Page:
It turned out the Old Town was underwater, but not too deep. Easy enough for an amateur, Magda had told her, and she hadn’t been lying.

It was one of those rare times when Magda wasn’t interested in salvaging or foraging or whatever she wanted to call it. They were just sightseeing.

After the first panicked moments of feeling like she was doing something unnatural, something her body didn’t want to do, Tita relaxed. The ocean was so pleasantly cold. She remembered, from visits when she was a kid, how people always said this sea was particularly cold even in summer, and it was true. Madga was quick and elegant in her diving, a pro, and she had to stop trying to catch up with her if she wanted to enjoy the view.

Under Tita, the town looked like a plastic model at first, unnaturally shrunk by a matter of perspective.

A thin film of moss or algae or whatever grows in the bottom of the ocean had already started covering the walls of every building and Tita flattened her hand against them, feeling the pleasant softness of those walls. The impressive portico of the old art museum, and the restaurant where Tita remembered having come to celebrate her uncle’s birthday when she was a kid…all the buildings were beginning to take on the same shade of green.

It was beautiful.


The people were always home-focused. The weather meant long stretches of time spent inside one’s house, in the company of one’s family. That’s why myths and legends surrounding the home—el llar—abounded; tales of cheeky little demons disrupting housework with their tricks, playing small, petty games on you. Hiding that sock you just mended, frightening the cows, adding sugar to the soup. These demons could, on occasion, be bribed to act as helpers instead. They could be bought with apples, turnips, wild onion, or a good rubbing of their fat bellies.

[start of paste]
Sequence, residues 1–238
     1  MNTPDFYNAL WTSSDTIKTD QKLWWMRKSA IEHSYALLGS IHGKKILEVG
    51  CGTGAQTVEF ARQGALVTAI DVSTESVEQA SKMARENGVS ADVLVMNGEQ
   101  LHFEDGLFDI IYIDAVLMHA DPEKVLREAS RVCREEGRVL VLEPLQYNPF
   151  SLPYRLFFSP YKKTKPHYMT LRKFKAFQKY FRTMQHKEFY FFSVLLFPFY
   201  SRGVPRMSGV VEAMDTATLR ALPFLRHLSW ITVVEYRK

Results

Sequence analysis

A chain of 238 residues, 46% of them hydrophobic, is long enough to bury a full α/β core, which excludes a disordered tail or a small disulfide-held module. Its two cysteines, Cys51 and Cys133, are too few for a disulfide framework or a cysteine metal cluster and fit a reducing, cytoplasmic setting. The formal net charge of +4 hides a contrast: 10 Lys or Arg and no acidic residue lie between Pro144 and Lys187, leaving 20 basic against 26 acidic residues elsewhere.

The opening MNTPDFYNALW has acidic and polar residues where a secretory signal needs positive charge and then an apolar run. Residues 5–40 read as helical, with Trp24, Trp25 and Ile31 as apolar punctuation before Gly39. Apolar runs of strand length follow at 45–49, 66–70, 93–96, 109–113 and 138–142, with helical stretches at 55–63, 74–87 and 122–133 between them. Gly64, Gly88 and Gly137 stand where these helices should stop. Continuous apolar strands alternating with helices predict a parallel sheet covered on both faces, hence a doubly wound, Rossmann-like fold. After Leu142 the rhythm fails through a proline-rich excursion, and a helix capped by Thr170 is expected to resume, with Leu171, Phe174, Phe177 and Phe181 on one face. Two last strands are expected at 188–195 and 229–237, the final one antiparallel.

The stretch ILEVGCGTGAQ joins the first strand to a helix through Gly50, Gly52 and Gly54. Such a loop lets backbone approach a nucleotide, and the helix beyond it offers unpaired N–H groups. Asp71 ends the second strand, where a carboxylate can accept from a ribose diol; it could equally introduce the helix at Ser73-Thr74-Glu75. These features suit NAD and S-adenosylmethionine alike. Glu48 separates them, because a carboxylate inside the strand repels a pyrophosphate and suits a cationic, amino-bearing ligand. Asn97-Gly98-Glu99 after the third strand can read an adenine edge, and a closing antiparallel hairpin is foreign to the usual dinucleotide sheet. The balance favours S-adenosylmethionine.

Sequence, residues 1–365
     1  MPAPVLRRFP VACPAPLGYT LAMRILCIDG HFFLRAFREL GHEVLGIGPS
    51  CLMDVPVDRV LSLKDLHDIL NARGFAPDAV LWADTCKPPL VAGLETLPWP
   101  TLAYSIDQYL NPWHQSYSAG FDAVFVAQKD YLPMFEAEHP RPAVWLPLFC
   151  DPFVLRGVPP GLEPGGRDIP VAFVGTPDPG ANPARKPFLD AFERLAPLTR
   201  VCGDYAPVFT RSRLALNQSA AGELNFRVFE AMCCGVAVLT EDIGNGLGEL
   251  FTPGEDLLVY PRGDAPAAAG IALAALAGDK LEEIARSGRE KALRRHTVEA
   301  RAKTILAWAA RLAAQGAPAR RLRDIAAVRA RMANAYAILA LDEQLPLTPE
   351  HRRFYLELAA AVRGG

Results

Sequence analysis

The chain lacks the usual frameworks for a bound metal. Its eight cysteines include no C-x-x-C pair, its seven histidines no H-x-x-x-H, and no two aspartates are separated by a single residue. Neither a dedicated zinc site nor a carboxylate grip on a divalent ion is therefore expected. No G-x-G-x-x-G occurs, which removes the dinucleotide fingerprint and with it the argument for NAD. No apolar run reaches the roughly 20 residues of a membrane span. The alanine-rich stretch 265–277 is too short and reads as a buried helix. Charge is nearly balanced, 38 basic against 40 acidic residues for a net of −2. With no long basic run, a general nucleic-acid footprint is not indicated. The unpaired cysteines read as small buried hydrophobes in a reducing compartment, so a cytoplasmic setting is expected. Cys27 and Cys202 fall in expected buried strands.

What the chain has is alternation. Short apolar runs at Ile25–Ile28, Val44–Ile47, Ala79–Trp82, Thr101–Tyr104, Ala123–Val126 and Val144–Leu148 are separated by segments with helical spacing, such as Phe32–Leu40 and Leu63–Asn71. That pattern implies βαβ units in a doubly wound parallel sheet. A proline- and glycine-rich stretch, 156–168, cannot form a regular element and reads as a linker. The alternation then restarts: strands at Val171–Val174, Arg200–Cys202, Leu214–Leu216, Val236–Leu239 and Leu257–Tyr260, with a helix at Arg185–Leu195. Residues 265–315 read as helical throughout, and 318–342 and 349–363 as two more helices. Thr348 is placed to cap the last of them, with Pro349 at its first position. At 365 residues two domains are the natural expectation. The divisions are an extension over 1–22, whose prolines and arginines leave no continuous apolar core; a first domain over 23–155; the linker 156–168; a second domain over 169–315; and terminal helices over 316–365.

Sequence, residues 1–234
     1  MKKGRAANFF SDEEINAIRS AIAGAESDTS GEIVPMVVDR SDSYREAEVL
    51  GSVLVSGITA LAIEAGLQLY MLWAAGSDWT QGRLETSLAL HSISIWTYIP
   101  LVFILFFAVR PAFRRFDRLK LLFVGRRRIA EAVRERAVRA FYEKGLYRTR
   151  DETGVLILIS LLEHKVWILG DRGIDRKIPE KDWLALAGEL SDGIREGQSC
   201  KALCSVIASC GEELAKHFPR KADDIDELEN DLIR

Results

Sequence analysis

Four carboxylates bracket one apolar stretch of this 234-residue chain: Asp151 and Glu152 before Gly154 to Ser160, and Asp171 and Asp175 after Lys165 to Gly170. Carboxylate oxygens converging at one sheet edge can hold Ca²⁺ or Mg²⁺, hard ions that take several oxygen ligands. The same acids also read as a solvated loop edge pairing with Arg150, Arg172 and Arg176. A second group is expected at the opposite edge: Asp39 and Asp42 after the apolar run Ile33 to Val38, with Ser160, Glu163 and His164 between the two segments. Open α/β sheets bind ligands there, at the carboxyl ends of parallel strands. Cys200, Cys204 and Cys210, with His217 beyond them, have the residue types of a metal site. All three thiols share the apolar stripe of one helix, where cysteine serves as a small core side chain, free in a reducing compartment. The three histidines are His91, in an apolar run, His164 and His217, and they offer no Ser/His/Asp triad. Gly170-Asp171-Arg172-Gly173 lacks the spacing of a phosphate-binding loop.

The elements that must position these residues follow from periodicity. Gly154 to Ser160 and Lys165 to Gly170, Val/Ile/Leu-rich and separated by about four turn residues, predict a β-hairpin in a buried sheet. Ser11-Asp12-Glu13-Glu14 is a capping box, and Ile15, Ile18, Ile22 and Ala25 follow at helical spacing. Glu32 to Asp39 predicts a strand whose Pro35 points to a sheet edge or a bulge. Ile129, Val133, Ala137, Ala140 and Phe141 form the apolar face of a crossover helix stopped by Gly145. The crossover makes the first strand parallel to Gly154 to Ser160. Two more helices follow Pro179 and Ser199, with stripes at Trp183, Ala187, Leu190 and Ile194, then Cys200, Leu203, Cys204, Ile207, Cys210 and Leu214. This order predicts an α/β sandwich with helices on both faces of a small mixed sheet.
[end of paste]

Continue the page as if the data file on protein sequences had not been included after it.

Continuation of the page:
The latest CD collectors fair had been suspended due to storm warnings. The coming of winter in a city that used to be known for its gentle, mild winters. Not now. Now there was the usual catastrophe in the air. Nothing to fuss about. Next week or the other. She didn’t even bother going to the WKW; she knew nobody would come to the market today.

Sometimes the worst thing wasn’t the waves—it was the strange, maddening weather just before. This time it was hail. There had always been hail storms in this city; Tita remembered she was surprised by it as a kid, because otherwise the place, pre-apocalypse, had some of the mildest weather in the country. It felt like some cruel irony that the waves had come here. And now hail was a very serious problem, so much that Tita was spending the afternoon nailing wood boards against the windows, in case some of it broke the glass.

The first and greatest wave, four years ago, had destroyed the power plant, leaving that whole patch of coast without electricity. It had also cut the city off from the rest of the county, miles and miles of phone lines lying like fallen giants on fields where grass rotted under saltwater.

So communication had gone back a couple of centuries, and couriers like Magda were often the only way of sending messages to other people.

To say that Tita, in this pre-Waves weather, wasn’t expecting anyone to knock on her door was an understatement.

First, she saw the big droplets of water falling from Magda’s short hair, right before she shook them off like a cute puppy.

“What are you doing here? Are you crazy?”

Tita knew the answer to that last one, though. She wasn’t even sure Magda had heard her, because she knew that rain messed with her aid sometimes.

“We need to go help the tomatoes,” Magda said. Not Dumont, the tomatoes.

Two years ago, when her uncle put her in charge of the WKW bar, all Tita had wanted was to be left alone. The world had ended—and a couple of times—so why would anyone want to hang out and talk to other people?

Today, Tita wasted no time in shouting “Coming down” into the interphone and grabbed her thickest jacket and a hat and run down the stairs.

“You are crazy!” she shouted into Magda’s ear as they sped through the empty streets on the woman’s bike. The sky was spewing murderous balls of ice at them and the pavement was either wet or starting to freeze over.